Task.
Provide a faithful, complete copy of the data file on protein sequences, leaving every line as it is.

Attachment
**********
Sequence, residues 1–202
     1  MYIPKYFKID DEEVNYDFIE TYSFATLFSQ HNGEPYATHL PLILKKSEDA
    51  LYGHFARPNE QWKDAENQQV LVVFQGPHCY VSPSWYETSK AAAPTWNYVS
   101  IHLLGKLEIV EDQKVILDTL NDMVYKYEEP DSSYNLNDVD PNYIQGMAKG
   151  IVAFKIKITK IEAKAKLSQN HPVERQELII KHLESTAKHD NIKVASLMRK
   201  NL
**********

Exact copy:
Sequence, residues 1–202
     1  MYIPKYFKID DEEVNYDFIE TYSFATLFSQ HNGEPYATHL PLILKKSEDA
    51  LYGHFARPNE QWKDAENQQV LVVFQGPHCY VSPSWYETSK AAAPTWNYVS
   101  IHLLGKLEIV EDQKVILDTL NDMVYKYEEP DSSYNLNDVD PNYIQGMAKG
   151  IVAFKIKITK IEAKAKLSQN HPVERQELII KHLESTAKHD NIKVASLMRK
   201  NL